What can IPAWS do for you?
Receiving timely information about weather conditions or other emergency events can make all the difference in knowing when to take action to be safe. FEMA, private industry and other local, state and federal partners are working together to make sure you can receive alerts and warnings quickly through several different technologies no matter where you are.
Organized by FEMA, the Integrated Public Alert and Warning System (IPAWS) is the Nation's alert and warning infrastructure. It provides an effective way to alert and warn the public about emergencies using the Emergency Alert System (EAS), Wireless Emergency Alerts (WEA), NOAA Weather Radio All Hazards, and other public alerting systems from a single interface.
For those with access and functional needs, many messages are TTY/TDD compatible and many devices have accessible accommodations. Review this alerts and warnings fact sheet created by America's PrepareAthon! to make sure you will receive critical information as soon as possible so you can take action to be safe.
For more information on IPAWS, EAS, and WEA, visit www.ready.gov/alerts . Additionally you can check out FEMA's online training course for IPAWS:
News you can Use Regarding Resource Typing Definitions
Here's some news you can use! FEMA has released five new mass care resource typing definitions:
As critical components of the National Incident Management System (NIMS),which is the foundation of the National Preparedness System , whole community organizations should be familiar with the resource typing definitions used by NIMS for when they are called upon to provide any type of support in the event of a disaster. Resource typing categorizes, by capability, the resources requested, deployed and used in incidents.
To view the full Resource Typing Library Tool visit https://rtlt.ptaccenter.org/Public . This is an online catalogue of all the national resource typing definitions and position qualifications.
Remarkable Preparedness in the Nation: Map Your Neighborhood
After a disaster, the key to a speedy recovery is often unity and resilience within a community. Partners in forty-three states have found Map Your Neighborhood (MYN) to be a cost effective and time efficient approach to neighborhood preparedness.
Communities of all sizes, from cities to neighborhoods, should know how to work together for the common goals of adequately preparing before an emergency and recovering after one.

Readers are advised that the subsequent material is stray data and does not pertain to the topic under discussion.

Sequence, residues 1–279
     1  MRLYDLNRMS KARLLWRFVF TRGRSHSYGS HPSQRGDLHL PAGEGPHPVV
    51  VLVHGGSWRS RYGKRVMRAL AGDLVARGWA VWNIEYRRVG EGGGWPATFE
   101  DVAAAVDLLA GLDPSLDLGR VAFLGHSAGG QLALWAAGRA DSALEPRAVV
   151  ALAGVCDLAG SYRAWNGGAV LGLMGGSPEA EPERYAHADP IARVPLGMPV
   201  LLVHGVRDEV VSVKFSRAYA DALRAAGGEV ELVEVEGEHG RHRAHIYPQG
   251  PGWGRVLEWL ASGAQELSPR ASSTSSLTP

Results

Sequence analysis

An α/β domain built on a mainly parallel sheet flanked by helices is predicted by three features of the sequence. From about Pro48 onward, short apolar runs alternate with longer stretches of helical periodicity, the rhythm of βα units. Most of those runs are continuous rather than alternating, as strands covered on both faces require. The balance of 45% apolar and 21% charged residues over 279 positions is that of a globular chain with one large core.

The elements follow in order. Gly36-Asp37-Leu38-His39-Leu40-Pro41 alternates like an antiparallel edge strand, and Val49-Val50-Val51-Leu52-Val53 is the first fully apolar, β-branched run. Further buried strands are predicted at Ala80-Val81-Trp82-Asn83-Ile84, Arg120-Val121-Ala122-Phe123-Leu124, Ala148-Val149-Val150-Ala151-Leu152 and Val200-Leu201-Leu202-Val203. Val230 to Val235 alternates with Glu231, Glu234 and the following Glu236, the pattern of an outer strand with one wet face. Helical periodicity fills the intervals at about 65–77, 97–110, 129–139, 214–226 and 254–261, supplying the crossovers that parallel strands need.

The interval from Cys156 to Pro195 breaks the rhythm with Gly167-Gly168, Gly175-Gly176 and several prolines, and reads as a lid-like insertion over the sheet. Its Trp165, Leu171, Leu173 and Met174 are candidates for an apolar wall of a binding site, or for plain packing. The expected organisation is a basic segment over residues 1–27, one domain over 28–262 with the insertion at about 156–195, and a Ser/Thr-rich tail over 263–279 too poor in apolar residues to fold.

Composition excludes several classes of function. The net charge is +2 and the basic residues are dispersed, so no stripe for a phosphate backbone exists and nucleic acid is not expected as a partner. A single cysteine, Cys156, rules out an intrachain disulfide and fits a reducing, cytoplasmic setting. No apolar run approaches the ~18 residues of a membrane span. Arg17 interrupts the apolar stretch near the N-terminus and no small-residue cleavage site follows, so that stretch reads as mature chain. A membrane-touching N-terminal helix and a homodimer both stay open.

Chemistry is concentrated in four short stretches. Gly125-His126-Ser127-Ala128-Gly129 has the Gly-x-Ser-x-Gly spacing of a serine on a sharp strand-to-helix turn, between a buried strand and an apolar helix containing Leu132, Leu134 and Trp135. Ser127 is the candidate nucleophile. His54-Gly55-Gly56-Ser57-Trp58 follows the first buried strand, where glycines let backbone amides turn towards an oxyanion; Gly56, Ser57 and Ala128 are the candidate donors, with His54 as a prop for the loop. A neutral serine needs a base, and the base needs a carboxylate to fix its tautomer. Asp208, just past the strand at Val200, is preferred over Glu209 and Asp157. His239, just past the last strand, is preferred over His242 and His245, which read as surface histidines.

Map Your Neighborhood (MYN) is a program developed by the Washington State Emergency Management Division and is intended to help neighborhoods prepare for disasters. The program features the following:
- The "9 Steps to Take Immediately Following A Disaster" to effectively secure your home and protect your neighborhood
- Identifying the skills and equipment that each neighbor has and could be put to use in the event of a disaster
- Creating a neighborhood map identifying the locations of useful items such as propane tanks for quick response
- A contact list to help identify people with specific needs such as the elderly, handicapped, and children
- The instructions needed to work as a team and evaluate the needs of your neighborhood immediately following a disaster
For more information on MYN, check out the MYN overview !
In order to provide you with useful and interesting information in this space we rely on feedback from our readership. What would you like to see here? Do you have a story on how your Citizen Corps Council, CERT, or other whole community program is working to make your community more resilient? Please do not hesitate to send us feedback on the content we've featured so far in these e-Briefs and on any ideas you'd like to see in future editions. Please email us at email@example.com with your ideas and comments -- we look forward to hearing from you ! We also encourage you to tell others to sign-up for the Individual and Community Preparedness e-Brief. To sign up for the e-Brief, new users can visit http://www.ready.gov/citizen-corps-subscribe .
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